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Sgt. Khalid Ahmed H. Sulaiti, Qatar army military police canine handler, during a military working dog exhibition for U.S service members at Camp As Sayliyah, Qatar, April 13. The dogs showcased aggressive attack procedures, situational restraint during riot control and hostage rescue, as well as detection of narcotics and explosives hidden on persons and vehicles.
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A Belgium shepherd (Malinois) leaps over a vehicle to apprehend a “terrorist” during a Qatar military working dog exhibition for U.S service members at Camp As Sayliyah, Qatar, April 13. The dogs traversed through various obstacles and mock scenarios to demonstrate fitness, skillfulness and obedience.

Coalition Dogs Chase Down Insurgents-Bite Them

Posted in Military Working Dogs, Working Dog News with tags , , , , , , , on August 15, 2008 by wardogmarine

Attack on NATO patrol in AFGHANISTAN kills 2

Associated Press, from the International Herald Tribune

KABUL, Afghanistan: U.S.-led forces have killed more than 36 insurgents in a series of clashes and airstrikes in southern Afghanistan, the coalition said Friday. A militant attack on NATO patrol killed two alliance’s troops.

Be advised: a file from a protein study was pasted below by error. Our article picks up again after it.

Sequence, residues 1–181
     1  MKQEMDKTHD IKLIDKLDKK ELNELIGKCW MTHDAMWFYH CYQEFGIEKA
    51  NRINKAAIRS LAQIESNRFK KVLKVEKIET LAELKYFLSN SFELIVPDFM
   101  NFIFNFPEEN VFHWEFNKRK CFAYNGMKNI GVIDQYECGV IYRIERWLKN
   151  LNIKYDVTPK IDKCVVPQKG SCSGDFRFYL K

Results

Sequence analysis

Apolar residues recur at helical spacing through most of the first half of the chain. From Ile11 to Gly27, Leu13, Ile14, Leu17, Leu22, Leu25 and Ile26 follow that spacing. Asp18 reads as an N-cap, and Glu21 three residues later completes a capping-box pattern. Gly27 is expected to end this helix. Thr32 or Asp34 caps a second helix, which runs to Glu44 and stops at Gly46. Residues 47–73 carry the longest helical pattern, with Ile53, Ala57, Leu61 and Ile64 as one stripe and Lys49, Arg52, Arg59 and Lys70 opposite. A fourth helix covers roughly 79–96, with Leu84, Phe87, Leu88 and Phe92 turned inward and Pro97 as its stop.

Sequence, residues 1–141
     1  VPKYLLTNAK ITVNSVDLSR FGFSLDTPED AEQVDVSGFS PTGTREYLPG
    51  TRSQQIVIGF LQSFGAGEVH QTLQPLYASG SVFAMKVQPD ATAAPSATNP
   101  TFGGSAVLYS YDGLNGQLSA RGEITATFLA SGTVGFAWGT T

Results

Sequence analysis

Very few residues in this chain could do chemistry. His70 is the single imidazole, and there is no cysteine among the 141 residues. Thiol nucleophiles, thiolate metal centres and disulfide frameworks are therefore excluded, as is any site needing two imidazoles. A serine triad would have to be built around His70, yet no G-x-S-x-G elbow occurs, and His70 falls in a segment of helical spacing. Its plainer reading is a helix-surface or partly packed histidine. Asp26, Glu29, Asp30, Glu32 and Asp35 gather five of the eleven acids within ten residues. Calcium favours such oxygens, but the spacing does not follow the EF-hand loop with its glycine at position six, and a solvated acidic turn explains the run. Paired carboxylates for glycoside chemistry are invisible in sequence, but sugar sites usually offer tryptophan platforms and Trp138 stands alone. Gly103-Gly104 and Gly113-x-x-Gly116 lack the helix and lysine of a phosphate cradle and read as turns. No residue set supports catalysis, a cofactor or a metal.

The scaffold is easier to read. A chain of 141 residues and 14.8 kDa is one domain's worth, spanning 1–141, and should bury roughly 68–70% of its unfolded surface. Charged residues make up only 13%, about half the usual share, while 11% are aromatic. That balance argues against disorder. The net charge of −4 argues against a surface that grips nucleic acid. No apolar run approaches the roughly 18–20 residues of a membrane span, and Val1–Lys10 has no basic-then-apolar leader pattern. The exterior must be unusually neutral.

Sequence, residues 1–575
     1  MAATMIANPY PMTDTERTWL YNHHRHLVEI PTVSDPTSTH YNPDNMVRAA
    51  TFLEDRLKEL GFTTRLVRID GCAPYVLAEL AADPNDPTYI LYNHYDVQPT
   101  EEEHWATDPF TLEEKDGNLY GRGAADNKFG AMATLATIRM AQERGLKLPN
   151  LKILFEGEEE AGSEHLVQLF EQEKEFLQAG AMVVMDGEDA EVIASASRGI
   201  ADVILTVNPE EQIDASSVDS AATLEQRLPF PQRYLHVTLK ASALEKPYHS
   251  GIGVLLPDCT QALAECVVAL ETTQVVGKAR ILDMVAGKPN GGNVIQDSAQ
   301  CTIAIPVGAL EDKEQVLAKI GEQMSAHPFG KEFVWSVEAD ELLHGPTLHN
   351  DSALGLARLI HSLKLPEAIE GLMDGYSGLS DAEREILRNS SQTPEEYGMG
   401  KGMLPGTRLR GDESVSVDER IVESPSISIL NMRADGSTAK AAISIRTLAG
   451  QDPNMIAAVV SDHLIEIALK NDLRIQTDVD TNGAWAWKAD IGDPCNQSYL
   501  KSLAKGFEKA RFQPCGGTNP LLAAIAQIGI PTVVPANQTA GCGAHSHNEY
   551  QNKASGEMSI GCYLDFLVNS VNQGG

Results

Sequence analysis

Groups of militants began launching attacks Wednesday on a coalition reconnaissance patrol in the south, using rocket-propelled grenades, machine guns and small arms fire, the coalition said.

Coalition troops “returned fire with small arms and close air support,” destroying several vehicles and killing more than three dozen insurgents, the statement said. Capt. Christian Patterson, a coalition spokesman said the operation is still ongoing. He would not disclose the exact location of the clashes.

Southern Afghanistan is the center of a six-year-old Taliban-led insurgency in Afghanistan that is gaining strength and spreading to the east. At least 93 U.S. troops have died in the country so far this year, a pace that would make 2008 the deadliest for American forces since the 2001 invasion.